# Generalized Cost Function Based Forecasting for Periodically ...

Generalized Cost Function Based Forecasting for Periodically ...

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2) Computation of z ∗ t for case n = 2: Similar to the

case n = 1, we obtain the penalty functions for n = 2

as follows:

U(˜z t , z t ) = r(˜z t − z t ) 2

L(˜z t , z t ) = (z t − ˜z t ) 2 .

Upon substitution in (1) followed by minimization, we

obtain the optimal forecast z ∗ t to be the value of ˜z t that

satisfies

(a fixed-point equation) where

˜z t − G(˜z t ) = 0, (15)

G(˜z t ) = E t−1[z t ] − (1 − r) Q t−1 (˜z t )

1 − (1 − r) F t−1 (˜z t )

with 0 < r < 1 and

Q t−1 (˜z t ) =

For r > 1, we obtain

∫ ˜zt

0

z t f t−1 (z t ) dz t .

(16)

G(˜z t ) = ˜r E t−1[z t ] + (1 − ˜r) Q t−1 (˜z t )

. (17)

˜r + (1 − ˜r) F t−1 (˜z t )

The uniqueness of zt

∗ shown above for any integral

values of n guarantee the uniqueness of the fixed-point

satisfying (15). Note here that for r(˜r) = 1, (17)

becomes G(˜z t ) = E t−1 [z t ] and the optimal forecast zt

is the conditional mean of the distribution F t−1 (·) identified

from the time series model. Thus, the conditional

mean E t−1 [z t ] can be taken as the initial value of ˜z t for

the fixed-point iteration algorithm for any given r < 1 or

˜r < 1. The following steps briefly illustrates the fixedpoint

iteration.

(i) Assume the initial value of ˜z t = E t−1 [z t ].

(ii) Compute G(˜z t ) using (16).

(iii) If the current value of ˜z t equals G(˜z t ) obtained

from step (ii), stop the iteration and z ∗ t = ˜z t .

Otherwise, proceed to the next step.

(iv) Assign ˜z t = G(˜z t ) and go to step (ii).

Since (15) has a unique fixed-point, the convergence of

the iterative algorithm is guaranteed. Furthermore, it may

be noted that the conditional mean of the distribution is

also the MMSE forecast for any linear time series system.

Thus, it is evident that we obtain MMSE forecast as

a special case of second order polynomial cost function

with equal costs for both under and over-forecasts. In

other words, MMSE forecast matches with a particular

instance of cost function less useful in reality. For further

details, see [11].

3) Remarks on non-integral values of n: A more

general case could be considering n to be rational. In particular,

n can be chosen from the subset { 1 2 , 1, 3 2

, 2, . . ..}

of set of rational numbers. It can be shown that if n = 1 2

(i.e., square root function), not all of the conditions will

be satisfied and hence zt ∗ is not well defined in that case.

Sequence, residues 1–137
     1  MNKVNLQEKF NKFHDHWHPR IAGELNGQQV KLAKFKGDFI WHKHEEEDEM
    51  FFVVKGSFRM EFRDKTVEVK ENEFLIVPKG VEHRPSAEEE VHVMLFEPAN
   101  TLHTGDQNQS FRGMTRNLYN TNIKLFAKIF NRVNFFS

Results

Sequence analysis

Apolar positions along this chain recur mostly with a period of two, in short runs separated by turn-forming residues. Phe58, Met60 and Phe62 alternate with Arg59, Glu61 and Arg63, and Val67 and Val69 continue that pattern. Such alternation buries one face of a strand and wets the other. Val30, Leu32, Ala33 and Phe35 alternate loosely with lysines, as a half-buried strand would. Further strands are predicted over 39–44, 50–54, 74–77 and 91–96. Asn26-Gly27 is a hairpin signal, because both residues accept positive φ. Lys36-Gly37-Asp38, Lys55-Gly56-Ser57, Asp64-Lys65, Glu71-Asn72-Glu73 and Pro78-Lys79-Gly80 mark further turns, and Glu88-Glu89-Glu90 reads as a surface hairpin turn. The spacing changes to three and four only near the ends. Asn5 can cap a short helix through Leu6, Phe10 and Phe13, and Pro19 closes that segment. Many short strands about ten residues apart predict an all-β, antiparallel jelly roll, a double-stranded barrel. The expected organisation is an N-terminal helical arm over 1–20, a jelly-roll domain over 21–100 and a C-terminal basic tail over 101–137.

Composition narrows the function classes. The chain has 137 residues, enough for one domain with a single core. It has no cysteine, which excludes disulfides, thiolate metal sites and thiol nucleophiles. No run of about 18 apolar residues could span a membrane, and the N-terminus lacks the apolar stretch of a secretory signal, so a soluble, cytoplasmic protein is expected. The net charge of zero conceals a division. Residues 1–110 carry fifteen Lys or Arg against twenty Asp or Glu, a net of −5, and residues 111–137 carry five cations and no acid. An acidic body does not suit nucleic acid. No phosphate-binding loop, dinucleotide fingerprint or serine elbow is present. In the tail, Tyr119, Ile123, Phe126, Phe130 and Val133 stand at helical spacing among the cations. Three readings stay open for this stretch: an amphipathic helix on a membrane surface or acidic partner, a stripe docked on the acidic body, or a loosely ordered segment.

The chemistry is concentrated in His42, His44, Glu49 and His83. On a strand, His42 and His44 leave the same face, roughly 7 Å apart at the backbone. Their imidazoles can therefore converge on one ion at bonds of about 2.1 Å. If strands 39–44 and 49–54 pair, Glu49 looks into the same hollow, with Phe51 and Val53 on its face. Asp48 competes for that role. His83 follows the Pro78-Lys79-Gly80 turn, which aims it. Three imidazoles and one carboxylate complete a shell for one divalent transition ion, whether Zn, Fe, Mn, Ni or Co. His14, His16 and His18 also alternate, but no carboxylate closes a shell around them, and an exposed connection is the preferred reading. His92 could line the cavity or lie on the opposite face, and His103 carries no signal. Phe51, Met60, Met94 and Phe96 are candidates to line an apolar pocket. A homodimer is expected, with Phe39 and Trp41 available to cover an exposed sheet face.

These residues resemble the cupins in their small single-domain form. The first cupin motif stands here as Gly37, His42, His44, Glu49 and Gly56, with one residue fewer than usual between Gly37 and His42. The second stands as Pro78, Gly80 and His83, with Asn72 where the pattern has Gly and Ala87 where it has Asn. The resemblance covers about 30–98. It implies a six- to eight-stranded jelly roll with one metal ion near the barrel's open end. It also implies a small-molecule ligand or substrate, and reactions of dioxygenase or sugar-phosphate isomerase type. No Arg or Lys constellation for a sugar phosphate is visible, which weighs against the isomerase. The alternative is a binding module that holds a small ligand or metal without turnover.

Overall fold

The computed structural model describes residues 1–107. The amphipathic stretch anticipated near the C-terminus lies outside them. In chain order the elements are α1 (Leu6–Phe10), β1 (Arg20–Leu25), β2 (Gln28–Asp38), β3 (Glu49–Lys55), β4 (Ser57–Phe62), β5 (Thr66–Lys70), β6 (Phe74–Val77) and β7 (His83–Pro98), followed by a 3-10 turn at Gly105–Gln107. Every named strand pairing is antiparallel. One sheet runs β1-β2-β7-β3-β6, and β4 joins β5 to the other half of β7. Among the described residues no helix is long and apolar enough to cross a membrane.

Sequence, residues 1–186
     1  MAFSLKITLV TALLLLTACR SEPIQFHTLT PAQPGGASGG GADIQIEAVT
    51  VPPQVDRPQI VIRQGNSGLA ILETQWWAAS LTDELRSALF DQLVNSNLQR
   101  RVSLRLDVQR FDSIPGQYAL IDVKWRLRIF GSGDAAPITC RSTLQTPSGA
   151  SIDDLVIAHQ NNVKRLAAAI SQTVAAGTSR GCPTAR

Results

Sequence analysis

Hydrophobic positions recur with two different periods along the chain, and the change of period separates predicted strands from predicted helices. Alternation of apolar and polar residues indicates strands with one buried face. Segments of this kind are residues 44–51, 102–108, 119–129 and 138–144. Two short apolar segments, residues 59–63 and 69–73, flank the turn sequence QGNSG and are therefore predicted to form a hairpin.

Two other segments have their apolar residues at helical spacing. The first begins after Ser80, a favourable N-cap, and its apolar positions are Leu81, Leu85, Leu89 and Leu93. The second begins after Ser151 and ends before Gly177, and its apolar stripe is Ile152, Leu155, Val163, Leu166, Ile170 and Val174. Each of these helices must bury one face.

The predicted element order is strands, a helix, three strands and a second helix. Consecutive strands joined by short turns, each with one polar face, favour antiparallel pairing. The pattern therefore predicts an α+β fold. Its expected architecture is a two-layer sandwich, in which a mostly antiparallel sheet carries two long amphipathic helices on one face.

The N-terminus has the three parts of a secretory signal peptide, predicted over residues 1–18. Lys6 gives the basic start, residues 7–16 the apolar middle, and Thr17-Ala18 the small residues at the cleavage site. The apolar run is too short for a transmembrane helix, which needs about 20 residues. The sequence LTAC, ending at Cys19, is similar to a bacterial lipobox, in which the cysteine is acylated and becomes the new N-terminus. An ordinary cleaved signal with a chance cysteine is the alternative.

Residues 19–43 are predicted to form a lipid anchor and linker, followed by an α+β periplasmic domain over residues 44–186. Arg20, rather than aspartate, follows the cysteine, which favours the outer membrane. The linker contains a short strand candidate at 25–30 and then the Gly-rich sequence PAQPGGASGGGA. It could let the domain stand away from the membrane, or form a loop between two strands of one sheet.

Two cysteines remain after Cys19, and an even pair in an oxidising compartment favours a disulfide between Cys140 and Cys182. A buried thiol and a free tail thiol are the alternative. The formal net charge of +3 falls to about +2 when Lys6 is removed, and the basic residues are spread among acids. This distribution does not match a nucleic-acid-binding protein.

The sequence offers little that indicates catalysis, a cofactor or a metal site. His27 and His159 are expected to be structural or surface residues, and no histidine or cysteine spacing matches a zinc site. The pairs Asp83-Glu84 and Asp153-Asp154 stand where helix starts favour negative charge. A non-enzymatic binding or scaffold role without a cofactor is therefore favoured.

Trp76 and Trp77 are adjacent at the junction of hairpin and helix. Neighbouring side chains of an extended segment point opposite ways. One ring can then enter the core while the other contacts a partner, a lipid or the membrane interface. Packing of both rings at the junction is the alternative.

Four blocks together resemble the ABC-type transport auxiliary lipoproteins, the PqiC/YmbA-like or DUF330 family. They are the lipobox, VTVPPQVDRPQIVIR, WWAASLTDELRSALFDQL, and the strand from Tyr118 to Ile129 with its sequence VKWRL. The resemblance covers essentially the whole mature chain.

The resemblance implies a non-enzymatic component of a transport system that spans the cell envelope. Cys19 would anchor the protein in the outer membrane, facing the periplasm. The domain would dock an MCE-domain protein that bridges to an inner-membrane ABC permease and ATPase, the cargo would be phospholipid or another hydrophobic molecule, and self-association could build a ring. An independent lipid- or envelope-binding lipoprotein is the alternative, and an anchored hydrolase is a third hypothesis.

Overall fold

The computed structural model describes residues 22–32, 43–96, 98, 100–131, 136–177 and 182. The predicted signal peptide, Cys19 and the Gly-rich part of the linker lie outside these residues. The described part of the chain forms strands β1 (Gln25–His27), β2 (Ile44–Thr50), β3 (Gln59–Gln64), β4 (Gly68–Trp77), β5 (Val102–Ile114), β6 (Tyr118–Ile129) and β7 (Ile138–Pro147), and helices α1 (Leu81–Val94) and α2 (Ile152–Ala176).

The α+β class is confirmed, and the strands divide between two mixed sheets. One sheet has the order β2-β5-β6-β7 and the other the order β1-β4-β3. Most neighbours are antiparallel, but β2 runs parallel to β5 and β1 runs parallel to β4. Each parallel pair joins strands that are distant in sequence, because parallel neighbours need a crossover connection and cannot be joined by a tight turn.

However, these conditions are satisfied for polynomial

functions for n ≥ 1 in that subset. In fact, for all rational

n ≥ 1, it can be shown that a unique minimizer zt ∗ exists.

Furthermore, the result can be generalized to any real

n ≥ 1.

B. Piecewise Linear Functions

We now consider penalty functions in the form of

piecewise linear functions. These functions form a special

case of first order polynomial functions. Essentially,

these functions enable us to impose penalty in a nonuniform

manner depending upon the interval on the

number axis in which the magnitude of the deviation

error falls into. For example, in a real network, it may

be desirable to consider a smaller penalty factor for

the deviation error up to 20% of unknown z t while, a

relatively greater penalty factor if deviation error exceeds

20%. In fact, such a notion might be further extended

considering more intervals. Here, we consider representations

for U(˜z t , z t ) and L(˜z t , z t ) with n sub-intervals,

i.e., the intervals [0, ˜z t ] and [˜z t , ∞] are divided into n

sub-intervals in which the penalty functions U(˜z t , z t ) and

L(˜z t , z t ) assume different linear forms, respectively.

Fig. 1 shows an example of U(˜z t , z t ) with 4 subintervals

while Fig. 2, shows an example for L(˜z t , z t )

with 4 sub-intervals.

Now, we present the general representation as follows:

b 1 ˜z t − m 1 z t a 0 ˜z t ≤ z t ≤ a 1 ˜z t

⎪⎨ b 2 ˜z t − m 2 z t a 1 ˜z t ≤ z t ≤ a 2 ˜z t

U(˜z t , z t ) =

(18)

.

⎪⎩

b n ˜z t − m n z t a n−1 ˜z t ≤ z t ≤ a n ˜z t

and

m ′ 1

⎪⎨

z t − b ′ 1 ˜z t a ′ 0 ˜z t ≤ z t ≤ a ′ 1 ˜z t

m ′ 2

L(˜z t , z t ) =

z t − b ′ 2 ˜z t a ′ 1 ˜z t ≤ z t ≤ a ′ 2 ˜z t

(19)

.

⎪⎩

m ′ nz t − b ′ n ˜z t a ′ n−1 ˜z t ≤ z t ≤ a ′ n ˜z t ,

where a 0 = 0 < a 1 < a 2 < . . . < a n = 1 and a ′ 0 =

1 < a ′ 1 < a′ 2 < . . . < a′ n < ∞. In order to ensure

zero penalty when z t equals ˜z t (following condition (i)

of Assumptions 1 and 2), we consider b n = m n and

b ′ 1 = m′ 1 . Choose m 1 > m 2 > . . . > m n−1 > m n (to be

consistent with the notion of imposing higher penalty for